Kathleen Troia 'K.T.' McFarland, Deputy National Security Advisor Designate speaks during a conference on the transition of the US Presidency from Obama to Trump at the US Institute Of Peace at the US Institute Of Peace in Washington DC, January 10, 2017. / AFP / CHRIS KLEPONIS (Photo credit should read CHRIS KLEPONIS/AFP/Getty Images)
WASHINGTON, DC - FEBRUARY 9: From left, White House chief strategist Steve Bannon, Kellyanne Conway, senior adviser to President Trump, Deputy National Security Adviser K.T. McFarland and National Security Adviser Michael Flynn watch as Attorney General Jeff Sessions is sworn in in the Oval Office of the White House in Washington, DC on Thursday, Feb. 08, 2017. (Photo by Jabin Botsford/The Washington Post via Getty Images)
KT McFarland, President-elect Donald Trump's selection to be deputy national security adviser, steps off the elevator after meetings at Trump Tower on December 5, 2016 in New York. / AFP / KENA BETANCUR (Photo credit should read KENA BETANCUR/AFP/Getty Images)
NEW YORK, NY - DECEMBER 2: (L to R) KT McFarland and former U.S. Secretary of Defense Robert Gates arrive at Trump Tower, December 2, 2016 in New York City. President-elect Donald Trump and his transition team are in the process of filling cabinet and other high level positions for the new administration. (Photo by Drew Angerer/Getty Images)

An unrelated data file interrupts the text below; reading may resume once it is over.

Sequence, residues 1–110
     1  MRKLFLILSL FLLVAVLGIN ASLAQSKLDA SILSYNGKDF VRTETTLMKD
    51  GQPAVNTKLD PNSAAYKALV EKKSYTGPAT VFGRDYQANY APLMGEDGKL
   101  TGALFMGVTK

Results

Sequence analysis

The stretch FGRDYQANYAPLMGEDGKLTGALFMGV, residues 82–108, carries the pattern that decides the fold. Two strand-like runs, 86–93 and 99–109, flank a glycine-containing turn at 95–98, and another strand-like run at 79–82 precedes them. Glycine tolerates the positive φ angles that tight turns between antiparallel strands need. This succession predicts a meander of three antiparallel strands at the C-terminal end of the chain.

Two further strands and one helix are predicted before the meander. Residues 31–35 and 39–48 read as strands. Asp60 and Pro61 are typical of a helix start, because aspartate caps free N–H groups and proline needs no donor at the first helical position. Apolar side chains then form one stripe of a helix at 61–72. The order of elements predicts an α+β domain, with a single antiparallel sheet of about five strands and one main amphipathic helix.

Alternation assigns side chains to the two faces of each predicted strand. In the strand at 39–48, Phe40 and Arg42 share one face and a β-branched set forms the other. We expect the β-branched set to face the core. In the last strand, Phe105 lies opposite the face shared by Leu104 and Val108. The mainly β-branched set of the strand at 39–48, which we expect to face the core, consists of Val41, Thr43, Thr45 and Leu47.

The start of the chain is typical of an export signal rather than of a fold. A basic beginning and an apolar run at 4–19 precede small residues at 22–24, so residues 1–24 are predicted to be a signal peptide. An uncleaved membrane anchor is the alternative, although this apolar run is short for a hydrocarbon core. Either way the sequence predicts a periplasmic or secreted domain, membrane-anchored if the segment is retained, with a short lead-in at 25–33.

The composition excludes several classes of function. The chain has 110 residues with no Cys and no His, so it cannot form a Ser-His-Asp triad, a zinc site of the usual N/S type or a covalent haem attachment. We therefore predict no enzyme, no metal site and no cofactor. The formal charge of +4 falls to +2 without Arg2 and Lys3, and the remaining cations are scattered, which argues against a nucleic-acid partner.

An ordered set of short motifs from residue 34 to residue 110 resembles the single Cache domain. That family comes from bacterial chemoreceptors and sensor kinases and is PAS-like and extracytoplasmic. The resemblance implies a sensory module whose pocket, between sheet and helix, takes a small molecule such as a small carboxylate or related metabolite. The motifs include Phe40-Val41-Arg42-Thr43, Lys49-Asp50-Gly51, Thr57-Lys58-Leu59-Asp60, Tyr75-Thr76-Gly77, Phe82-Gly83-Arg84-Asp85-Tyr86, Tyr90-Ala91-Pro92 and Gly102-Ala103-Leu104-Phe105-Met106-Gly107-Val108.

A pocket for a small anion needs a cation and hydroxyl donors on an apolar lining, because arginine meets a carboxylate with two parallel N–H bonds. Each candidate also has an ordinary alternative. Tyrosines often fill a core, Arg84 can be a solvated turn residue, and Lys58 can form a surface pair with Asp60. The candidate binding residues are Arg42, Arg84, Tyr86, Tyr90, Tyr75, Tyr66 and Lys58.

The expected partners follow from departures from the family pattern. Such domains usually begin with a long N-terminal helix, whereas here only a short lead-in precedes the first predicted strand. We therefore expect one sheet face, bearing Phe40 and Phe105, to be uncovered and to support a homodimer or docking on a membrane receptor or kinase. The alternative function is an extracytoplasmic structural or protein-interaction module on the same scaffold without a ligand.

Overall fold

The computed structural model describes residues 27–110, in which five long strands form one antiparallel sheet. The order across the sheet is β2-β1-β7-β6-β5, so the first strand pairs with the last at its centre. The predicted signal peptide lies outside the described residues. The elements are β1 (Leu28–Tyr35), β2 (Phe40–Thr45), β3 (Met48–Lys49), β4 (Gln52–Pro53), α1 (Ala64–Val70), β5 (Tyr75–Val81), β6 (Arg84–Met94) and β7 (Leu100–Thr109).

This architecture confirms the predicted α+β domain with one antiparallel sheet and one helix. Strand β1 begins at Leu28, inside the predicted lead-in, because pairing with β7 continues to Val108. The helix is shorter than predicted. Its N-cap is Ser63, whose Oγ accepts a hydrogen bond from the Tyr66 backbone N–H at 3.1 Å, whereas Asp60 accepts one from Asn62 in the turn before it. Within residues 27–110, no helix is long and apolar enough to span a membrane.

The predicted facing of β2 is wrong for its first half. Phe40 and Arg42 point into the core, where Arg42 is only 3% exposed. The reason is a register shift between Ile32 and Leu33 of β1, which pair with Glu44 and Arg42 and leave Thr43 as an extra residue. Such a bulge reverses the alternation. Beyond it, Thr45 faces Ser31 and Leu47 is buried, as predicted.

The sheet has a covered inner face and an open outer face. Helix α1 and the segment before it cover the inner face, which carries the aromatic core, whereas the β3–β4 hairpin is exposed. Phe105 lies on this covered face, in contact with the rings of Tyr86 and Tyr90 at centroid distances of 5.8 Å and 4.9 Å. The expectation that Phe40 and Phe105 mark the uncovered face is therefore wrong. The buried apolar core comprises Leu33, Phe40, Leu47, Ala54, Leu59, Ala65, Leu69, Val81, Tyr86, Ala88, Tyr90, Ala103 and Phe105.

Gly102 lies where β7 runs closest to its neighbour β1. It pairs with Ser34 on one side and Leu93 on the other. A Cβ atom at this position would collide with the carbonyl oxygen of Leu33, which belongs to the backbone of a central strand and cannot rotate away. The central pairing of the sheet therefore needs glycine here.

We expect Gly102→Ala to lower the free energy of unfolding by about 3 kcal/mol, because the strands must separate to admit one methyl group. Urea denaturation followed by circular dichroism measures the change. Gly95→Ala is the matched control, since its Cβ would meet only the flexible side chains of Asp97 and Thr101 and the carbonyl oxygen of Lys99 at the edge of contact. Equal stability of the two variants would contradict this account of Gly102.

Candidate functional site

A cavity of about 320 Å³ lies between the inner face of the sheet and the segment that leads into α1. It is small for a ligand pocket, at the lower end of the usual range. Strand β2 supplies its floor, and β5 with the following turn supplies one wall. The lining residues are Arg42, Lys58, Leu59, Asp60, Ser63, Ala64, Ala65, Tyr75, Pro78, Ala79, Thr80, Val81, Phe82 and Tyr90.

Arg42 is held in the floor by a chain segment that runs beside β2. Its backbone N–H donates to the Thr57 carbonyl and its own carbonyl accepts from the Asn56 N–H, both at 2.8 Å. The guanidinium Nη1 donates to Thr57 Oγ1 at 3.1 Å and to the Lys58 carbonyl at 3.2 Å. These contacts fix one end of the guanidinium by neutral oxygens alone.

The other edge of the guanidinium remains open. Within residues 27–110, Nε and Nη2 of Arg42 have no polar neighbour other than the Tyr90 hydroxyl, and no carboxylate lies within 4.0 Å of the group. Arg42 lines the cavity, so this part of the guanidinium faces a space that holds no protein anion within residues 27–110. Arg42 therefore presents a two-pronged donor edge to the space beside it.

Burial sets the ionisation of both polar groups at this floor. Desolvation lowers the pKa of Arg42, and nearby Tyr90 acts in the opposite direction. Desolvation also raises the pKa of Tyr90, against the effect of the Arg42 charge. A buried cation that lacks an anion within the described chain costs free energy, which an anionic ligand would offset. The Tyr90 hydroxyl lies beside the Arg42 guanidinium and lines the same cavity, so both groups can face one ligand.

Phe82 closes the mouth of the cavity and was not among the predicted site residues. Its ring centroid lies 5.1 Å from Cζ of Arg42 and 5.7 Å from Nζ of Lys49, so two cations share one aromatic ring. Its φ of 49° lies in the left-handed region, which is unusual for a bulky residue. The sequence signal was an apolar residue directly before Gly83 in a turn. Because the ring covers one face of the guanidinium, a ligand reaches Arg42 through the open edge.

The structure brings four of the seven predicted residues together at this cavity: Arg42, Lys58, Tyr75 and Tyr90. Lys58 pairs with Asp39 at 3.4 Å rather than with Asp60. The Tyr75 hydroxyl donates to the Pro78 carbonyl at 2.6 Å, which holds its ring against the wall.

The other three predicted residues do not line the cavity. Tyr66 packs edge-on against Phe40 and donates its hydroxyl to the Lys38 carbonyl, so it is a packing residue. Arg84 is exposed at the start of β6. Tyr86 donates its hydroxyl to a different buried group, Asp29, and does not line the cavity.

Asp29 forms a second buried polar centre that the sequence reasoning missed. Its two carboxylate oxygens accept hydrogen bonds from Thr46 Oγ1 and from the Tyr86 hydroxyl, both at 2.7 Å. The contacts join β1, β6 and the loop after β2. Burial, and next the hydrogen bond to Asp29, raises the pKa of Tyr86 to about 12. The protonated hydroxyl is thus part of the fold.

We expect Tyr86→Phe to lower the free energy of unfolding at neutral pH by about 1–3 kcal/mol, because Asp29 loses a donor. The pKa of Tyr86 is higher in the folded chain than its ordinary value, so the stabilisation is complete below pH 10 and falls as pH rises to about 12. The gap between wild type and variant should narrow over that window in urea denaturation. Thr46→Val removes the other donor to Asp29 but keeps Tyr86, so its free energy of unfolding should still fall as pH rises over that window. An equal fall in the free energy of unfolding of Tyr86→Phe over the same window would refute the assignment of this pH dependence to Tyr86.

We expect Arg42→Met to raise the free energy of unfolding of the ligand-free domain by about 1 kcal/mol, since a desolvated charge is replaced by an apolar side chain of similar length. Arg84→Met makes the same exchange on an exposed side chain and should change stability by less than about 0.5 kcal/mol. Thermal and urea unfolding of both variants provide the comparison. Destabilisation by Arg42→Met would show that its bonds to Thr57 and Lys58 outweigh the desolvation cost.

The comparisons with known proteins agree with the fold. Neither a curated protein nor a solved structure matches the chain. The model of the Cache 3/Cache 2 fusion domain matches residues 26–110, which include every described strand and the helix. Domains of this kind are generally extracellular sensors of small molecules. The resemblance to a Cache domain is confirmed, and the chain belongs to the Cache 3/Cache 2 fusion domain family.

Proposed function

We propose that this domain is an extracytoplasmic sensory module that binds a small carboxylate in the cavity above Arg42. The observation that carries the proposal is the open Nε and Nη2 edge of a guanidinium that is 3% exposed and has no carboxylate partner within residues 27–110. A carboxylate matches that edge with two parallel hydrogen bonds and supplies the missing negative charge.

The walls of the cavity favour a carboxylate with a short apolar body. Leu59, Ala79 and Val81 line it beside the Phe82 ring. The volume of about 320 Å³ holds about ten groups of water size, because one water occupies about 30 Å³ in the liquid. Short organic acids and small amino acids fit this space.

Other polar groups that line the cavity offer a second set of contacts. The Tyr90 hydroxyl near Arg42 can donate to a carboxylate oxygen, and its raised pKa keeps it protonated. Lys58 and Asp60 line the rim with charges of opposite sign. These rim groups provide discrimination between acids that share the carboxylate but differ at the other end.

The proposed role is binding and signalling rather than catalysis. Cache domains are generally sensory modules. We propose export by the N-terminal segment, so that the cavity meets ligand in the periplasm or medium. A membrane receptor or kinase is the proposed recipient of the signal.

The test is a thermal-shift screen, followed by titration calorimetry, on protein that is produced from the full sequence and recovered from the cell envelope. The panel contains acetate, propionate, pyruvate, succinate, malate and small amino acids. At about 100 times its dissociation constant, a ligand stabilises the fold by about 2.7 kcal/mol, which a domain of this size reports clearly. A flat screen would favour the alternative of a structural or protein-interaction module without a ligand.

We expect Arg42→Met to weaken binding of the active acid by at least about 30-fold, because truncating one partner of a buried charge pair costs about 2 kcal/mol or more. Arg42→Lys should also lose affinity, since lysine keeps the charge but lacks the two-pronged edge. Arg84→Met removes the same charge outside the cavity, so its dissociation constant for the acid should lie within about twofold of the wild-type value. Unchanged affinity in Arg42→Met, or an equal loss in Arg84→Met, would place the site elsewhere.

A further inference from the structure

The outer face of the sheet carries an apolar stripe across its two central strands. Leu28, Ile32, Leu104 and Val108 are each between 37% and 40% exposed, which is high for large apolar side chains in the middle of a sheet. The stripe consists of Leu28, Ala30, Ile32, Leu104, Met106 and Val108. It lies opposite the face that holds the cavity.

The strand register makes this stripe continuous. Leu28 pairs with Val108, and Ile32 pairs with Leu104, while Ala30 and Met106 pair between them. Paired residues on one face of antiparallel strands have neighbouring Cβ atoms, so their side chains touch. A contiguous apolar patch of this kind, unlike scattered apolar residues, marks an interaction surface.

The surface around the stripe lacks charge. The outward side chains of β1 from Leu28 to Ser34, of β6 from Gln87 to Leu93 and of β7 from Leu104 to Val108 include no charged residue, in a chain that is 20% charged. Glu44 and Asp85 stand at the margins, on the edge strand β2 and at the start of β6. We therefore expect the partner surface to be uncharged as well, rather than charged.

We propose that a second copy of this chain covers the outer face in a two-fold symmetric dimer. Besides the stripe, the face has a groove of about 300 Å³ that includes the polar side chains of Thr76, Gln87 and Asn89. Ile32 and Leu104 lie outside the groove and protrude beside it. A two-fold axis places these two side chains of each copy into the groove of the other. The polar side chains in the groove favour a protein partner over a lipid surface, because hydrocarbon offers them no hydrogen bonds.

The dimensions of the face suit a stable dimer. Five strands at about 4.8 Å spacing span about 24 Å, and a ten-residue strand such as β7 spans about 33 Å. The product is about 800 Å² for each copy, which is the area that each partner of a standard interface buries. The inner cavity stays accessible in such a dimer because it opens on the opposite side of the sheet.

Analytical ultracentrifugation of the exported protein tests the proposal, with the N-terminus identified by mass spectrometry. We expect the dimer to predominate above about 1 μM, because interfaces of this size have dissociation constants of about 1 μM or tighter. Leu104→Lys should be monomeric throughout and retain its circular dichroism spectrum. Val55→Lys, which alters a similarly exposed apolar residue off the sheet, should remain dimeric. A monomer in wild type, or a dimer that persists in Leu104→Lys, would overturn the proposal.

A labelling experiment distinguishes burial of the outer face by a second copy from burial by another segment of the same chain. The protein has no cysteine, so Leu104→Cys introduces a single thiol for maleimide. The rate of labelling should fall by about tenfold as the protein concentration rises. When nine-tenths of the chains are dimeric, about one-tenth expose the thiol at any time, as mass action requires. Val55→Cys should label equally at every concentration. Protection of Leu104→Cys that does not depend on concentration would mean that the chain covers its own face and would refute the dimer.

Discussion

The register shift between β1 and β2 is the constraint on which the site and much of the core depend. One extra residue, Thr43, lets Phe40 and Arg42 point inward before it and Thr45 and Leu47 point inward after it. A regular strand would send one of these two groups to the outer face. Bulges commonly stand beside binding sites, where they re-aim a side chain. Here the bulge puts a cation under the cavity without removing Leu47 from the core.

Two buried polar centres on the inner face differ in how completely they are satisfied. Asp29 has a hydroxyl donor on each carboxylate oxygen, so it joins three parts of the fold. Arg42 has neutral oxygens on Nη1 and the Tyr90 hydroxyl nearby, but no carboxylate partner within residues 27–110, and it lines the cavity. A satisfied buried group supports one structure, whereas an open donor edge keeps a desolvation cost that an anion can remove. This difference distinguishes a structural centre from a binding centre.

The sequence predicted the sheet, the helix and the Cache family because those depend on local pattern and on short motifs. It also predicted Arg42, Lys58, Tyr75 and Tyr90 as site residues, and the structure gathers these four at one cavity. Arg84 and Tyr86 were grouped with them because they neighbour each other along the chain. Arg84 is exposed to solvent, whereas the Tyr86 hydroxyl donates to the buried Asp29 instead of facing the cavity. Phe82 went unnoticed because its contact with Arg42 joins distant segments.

UNITED STATES - JULY 13: Republican Senate candidate Kathleen (KT) McFarland takes questions from news media at the home of a friend in Manhattan Beach, Brooklyn. McFarland broke with her whole family in 1992 when she accused her father of incest - an explosive charge her brother, Tom Troia, calls 'complete baloney.' Today, McFarland refused to discuss Troia's accusations. 'I have five wonderful children and a very loving and supportive husband,' she said. 'Other than that, I have nothing else to say.' (Photo by Linda Rosier/NY Daily News Archive via Getty Images)
NEW YORK, NY - JANUARY 3: KT McFarland, President-elect Donald Trump's choice for deputy national security advisor, gives the thumbs up as she arrives at Trump Tower, January 3, 2017 in New York City. President-elect Donald Trump and his transition team are in the process of filling cabinet and other high level positions for the new administration. (Photo by Drew Angerer/Getty Images)